When Sheila Miller began working as a bus operator in 1977, she thought it would be a temporary stay that would hold her over as she decided on a career path. When she discovered she liked the job, the short-term plan turned into a 20-year tenure behind the wheel.
But driving did eventually take her down a different path. Seeking a change of pace, Miller was among several operators who applied to become Metro Transit’s first Bus Stop Coordinator. To her pleasant surprise, she got the job.
“It was the only other job I looked at and the only other job I applied for so it was probably meant to be,” said Miller, who began as coordinator in March 1997.
As coordinator, Miller was tasked with organizing and maintaining a list of the region’s sprawling bus stop network. At the time, the sporadically-installed original red T-signs were being replaced and more signs were going up throughout the region.
Without a standard distance between stops, signs went up at virtually every intersection. Because of poor records and tight spacing, Miller inherited a list of nearly 22,000 bus stops. As records were updated and new stop spacing standards took effect, the list was pruned to around 14,500 stops.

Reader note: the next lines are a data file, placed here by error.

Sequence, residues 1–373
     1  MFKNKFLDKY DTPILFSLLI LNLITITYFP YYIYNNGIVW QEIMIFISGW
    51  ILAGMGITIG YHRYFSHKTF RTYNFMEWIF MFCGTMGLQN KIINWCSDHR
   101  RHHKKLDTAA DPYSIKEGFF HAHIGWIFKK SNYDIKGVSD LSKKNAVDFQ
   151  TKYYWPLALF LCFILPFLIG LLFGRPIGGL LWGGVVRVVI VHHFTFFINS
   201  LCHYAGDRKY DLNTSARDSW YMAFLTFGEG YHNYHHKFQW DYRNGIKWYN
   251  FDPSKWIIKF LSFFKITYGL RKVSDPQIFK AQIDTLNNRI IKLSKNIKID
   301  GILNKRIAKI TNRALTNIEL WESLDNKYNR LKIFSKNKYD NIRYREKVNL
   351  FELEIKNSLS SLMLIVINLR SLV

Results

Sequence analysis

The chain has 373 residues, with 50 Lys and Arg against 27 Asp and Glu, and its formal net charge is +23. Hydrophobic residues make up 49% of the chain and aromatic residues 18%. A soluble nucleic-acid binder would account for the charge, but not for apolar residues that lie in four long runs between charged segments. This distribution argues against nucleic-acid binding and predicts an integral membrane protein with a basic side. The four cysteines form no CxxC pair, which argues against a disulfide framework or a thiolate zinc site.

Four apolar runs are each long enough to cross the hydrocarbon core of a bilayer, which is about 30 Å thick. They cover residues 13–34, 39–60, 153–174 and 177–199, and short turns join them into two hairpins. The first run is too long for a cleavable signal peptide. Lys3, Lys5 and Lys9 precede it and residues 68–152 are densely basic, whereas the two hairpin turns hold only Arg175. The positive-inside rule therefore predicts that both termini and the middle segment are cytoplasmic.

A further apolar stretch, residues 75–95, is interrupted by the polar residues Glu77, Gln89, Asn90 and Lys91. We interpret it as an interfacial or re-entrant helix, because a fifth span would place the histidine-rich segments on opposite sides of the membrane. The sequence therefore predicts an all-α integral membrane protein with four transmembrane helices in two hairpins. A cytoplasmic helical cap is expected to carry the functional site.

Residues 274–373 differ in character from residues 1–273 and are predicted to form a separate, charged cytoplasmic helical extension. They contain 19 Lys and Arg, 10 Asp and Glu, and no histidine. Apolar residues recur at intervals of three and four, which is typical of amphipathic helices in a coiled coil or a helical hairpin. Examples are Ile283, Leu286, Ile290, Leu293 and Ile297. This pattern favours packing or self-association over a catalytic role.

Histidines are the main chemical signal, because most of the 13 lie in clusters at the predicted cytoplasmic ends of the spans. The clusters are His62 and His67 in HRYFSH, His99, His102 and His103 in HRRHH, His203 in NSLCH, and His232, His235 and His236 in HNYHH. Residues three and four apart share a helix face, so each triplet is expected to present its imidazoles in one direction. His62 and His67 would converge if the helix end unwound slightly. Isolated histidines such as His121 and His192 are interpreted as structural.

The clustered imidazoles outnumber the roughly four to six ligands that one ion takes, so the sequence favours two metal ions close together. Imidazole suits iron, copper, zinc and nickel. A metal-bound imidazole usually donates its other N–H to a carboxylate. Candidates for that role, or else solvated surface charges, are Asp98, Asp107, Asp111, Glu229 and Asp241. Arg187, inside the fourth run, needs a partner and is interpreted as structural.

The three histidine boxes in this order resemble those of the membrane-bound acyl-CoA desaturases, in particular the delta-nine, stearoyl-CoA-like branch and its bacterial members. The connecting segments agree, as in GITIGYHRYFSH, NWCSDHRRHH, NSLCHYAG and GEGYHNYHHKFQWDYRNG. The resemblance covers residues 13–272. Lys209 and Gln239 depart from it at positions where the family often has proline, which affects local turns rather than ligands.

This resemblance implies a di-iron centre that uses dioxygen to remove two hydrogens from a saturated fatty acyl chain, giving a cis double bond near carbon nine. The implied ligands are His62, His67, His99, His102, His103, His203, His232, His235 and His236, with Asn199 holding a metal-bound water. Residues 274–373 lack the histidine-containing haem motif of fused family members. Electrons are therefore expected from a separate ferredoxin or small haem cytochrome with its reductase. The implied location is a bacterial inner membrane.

But the work didn’t end there. Quarterly service changes, new routes, temporary detours and other issues continually cause bus stops to be added, re-located or eliminated.
Miller updates the bus stop inventory on a weekly basis so customers and staff have access to the latest information. Accurate, real-time bus stop information is also critical to the systems that support NexTrip and the Interactive Map.
“There is a surprising amount of work in a given day,” said Miller, who co-workers jokingly nicknamed the Bus Stop Queen, a title she embraces. “It’s this massive jigsaw puzzle.”
Kristin Thompson, Assistant Director, Scheduling, Analysis and Data Collection, said the job is unique in the industry. But Miller’s work provides the critical link between planners and customers, she said.
“It really all starts with the bus stop,” Thompson said. “When you get down to the core, you can’t give customers any information without having accurate stop information."
Although she’s spent almost two decades working with bus stops, Miller claims not to have a particular favorite. But she does use her past experiences as a driver and her current experiences as a customer make her a strong advocate for those who use them. As a former driver, Miller has also been particularly adamant about providing operators access to restrooms when possible.
“My familiarity with bus stops was a huge advantage,” Miller said. “I could rely on my innate knowledge.”
Miller is now sharing that knowledge with her successor. In mid-March, she will retire with 38 years of service.
While she will miss the job and the people she works with, Miller is looking forward to spending more time supporting her favorite causes and with her many grandchildren and great grandchildren.
“It’s (working at Metro Transit) become my life,” she said. “I have a big family, but this has always been my other family.”